Some people who embrace this thought will deliberately not pronounce the word with the required rising tones. Sometimes one cannot pronounce the rising tone of the word properly because the tone of the musical note does not match the tone of the lyrics. Therefore, at a certain level of tones, the word “Lord” (zyu2) becomes “zyu1” (one of the possible words of this tone is “pig”) or “zyu3,” etc. I believe that what we have embraced until this day is the standard of the Western aesthetic of music, and is the standard for singing in foreign languages. So, is it our natural inclination to sing to God with songs using twisted tones to express our praise, or to feel annoyed when singing lyrics with rising tones?
In the past, most of the hymns have been with lyrics presented in non-matching tones. Is it that we have been all wrong?
Some people resist newly translated hymns and think that this insults their beloved hymns because it seems to say that the older versions have been wrong. However, this is not true; consider moon-cake packaging as an analogy. We all love to eat moon-cakes during the mid-autumn festival. In the past, all moon-cakes were packaged in the same way: in a square box made with iron with four standard sized moon-cakes. This is well-known. However, in recent decades, we can find various types of moon-cakes with different appearances, and this does not mean that the original moon-cake is wrong in any sense. Besides, the traditional moon-cake still has many fans today! Therefore, the launch of a newly translated version does not mean we have been wrong with the older version, only that we are now offered another option fueled and developed by the consideration of the contextualization of our faith.
I know the songs with twisted tones may not be ideal; why don’t we just sing more Mandarin hymns and songs to replace them?
One can sing in a non-mother-tongue language, but that does not mean the singing will be without barriers. For many years, I have been working as an interpreter for the applied music exams organized by an overseas institution. Some candidates have thought that they would get higher scores by orally answering the questions in English; however, quite often, it was very exhausting for them to answer. Sometimes, upon seeing their distressed faces, the examiners would ask them to answer in Cantonese with me translating their answers, and they could then answer the questions without any delay. Articulating a non-mother-tongue language can rarely be barrier-free and singing in a non-mother-tongue language is similar. Even though on the technical level one may be able to manage singing in the non-mother-tongue language, one’s heart may not be able to resonate with the meaning as much as is expected.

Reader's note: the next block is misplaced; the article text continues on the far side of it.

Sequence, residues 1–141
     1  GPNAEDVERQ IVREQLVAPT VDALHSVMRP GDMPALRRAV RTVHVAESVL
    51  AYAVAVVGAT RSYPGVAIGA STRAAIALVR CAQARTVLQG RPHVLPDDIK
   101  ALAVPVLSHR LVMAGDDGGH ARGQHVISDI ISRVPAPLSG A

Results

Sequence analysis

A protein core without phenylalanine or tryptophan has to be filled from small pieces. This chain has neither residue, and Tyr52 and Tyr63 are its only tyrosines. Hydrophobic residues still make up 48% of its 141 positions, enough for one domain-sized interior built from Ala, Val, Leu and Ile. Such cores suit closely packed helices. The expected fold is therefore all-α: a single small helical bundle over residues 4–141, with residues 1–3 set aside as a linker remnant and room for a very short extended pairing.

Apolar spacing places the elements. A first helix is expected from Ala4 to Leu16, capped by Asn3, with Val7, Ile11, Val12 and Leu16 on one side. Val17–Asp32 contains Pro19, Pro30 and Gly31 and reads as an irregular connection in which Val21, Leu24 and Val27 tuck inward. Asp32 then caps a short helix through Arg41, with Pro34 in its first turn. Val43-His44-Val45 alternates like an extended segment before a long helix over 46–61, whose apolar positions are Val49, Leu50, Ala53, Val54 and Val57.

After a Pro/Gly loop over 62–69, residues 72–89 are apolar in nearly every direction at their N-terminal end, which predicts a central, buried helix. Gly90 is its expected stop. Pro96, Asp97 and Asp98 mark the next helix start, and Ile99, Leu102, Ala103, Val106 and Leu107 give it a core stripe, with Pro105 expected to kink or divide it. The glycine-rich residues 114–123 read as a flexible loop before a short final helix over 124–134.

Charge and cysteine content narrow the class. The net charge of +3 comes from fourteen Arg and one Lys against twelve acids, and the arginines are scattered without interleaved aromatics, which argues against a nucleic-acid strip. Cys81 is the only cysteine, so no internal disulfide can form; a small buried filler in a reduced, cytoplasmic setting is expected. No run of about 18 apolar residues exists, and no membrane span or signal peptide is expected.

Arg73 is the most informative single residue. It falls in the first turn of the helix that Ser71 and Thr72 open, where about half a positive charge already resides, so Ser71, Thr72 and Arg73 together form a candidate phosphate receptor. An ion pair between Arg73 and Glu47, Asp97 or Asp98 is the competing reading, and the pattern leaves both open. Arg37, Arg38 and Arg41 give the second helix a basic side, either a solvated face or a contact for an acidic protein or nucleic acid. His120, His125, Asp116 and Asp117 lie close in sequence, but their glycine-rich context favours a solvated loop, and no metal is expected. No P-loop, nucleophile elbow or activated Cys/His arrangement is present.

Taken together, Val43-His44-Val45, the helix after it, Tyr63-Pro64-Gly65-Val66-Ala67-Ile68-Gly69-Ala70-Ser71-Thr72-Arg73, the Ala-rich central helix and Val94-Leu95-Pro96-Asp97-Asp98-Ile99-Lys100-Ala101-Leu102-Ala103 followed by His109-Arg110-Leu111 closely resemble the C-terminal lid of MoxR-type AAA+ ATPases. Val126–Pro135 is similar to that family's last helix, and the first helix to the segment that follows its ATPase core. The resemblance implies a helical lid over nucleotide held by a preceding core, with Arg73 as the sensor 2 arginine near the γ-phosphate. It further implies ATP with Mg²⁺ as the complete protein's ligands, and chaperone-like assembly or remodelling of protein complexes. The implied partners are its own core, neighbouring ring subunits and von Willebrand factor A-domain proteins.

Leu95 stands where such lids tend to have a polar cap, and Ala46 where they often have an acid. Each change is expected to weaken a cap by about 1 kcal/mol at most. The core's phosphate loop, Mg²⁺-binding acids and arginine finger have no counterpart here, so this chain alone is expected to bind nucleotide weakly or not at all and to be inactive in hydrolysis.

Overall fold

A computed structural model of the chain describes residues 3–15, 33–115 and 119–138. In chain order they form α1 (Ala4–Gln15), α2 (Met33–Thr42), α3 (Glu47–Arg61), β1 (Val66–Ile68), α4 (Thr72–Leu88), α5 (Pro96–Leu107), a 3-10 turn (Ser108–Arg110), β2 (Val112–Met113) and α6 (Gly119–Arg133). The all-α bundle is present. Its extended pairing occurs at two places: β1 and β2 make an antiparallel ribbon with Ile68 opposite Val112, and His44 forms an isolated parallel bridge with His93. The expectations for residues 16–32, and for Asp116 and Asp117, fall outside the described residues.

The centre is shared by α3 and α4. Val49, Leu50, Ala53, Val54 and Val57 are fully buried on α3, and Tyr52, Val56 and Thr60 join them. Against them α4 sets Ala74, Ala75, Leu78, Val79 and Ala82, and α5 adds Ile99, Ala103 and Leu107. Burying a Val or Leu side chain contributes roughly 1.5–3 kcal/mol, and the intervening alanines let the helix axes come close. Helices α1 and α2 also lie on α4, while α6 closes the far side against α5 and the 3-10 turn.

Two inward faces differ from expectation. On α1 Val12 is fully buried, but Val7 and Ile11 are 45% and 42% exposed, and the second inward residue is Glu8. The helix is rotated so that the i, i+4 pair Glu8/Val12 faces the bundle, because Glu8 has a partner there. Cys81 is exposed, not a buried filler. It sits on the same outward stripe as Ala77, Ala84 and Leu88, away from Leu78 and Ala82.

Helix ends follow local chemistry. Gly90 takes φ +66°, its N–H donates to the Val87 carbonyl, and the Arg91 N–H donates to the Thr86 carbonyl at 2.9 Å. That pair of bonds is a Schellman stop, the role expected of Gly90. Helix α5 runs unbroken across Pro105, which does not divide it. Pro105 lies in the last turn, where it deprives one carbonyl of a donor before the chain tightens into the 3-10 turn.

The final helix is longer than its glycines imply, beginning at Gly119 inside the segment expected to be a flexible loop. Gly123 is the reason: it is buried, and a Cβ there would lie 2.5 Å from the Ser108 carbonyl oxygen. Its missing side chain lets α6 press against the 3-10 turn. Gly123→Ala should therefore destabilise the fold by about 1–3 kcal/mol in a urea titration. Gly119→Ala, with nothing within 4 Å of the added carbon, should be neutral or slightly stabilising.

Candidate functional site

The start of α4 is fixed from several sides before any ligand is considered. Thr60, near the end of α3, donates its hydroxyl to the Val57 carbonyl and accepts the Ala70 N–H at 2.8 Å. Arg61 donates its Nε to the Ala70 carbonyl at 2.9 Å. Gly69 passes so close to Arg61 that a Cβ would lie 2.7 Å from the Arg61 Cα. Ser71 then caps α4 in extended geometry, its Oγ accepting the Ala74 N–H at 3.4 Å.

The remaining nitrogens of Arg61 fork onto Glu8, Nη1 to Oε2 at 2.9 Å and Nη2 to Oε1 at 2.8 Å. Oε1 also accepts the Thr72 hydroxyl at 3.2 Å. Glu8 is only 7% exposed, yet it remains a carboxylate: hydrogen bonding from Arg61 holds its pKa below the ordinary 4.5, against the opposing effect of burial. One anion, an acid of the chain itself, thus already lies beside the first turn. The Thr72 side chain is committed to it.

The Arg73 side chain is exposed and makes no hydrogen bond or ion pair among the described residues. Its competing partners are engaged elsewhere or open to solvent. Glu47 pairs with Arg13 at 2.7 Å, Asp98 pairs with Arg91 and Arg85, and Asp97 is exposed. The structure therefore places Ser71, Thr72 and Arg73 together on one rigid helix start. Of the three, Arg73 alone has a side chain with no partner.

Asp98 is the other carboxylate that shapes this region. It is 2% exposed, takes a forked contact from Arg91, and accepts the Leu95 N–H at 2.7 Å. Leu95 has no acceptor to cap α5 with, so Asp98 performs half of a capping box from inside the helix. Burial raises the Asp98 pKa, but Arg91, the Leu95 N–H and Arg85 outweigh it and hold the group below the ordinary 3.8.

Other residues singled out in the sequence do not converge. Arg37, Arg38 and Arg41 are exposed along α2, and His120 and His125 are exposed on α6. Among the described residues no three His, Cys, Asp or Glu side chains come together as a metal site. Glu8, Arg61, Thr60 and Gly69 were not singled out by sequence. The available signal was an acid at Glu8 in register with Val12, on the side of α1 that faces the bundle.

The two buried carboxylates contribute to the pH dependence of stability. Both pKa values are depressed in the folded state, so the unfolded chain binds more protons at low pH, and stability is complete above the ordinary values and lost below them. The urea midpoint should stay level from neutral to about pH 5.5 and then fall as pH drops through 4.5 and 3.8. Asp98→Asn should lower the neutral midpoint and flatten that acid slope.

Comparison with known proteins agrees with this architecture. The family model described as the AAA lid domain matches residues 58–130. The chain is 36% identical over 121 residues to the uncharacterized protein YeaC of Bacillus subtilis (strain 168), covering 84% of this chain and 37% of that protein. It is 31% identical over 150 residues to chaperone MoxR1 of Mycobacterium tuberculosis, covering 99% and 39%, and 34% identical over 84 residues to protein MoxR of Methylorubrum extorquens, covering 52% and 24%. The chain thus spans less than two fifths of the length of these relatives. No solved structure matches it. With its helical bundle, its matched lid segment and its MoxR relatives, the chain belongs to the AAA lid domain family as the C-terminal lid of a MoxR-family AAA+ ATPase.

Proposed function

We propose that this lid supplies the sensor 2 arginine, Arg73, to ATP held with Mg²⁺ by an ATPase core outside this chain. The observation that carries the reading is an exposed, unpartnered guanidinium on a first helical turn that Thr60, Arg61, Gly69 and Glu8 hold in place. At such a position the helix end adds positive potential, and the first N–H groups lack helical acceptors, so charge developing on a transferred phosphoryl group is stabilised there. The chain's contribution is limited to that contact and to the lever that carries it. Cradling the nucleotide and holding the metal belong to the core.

Translating hymns with matching tones will encounter various difficulties. It can be a strenuous and unrewarding task, so should we stop this work?
This is a difficult, strenuous and unrewarding task, for sure. However, exploration and trials on the road to the contextualization of faith in one’s own context is a naturally progressive move that promises profound values and impacts. It is something we must do. Therefore, even though it is difficult, challenging, and slow, the labor is worth the while. It is all for the glory of God.
Blogger Yvette Lau has bachelor degrees in Chinese Translation and Music, a Masters in Worship, and is now pursuing a Doctor of Pastoral Music. She has served as one of the executive committee members of the Hong Kong Hymn Society from 2011-2017. Her passion lies in choral conducting, song writing, hymn translation from English to Cantonese (main translator for New Youth Hymns), event organization, translation of books on worship including The Art of Worship, Beyond the Worship Wars, The Worship Architect, and Glory to God, and training and teaching on worship.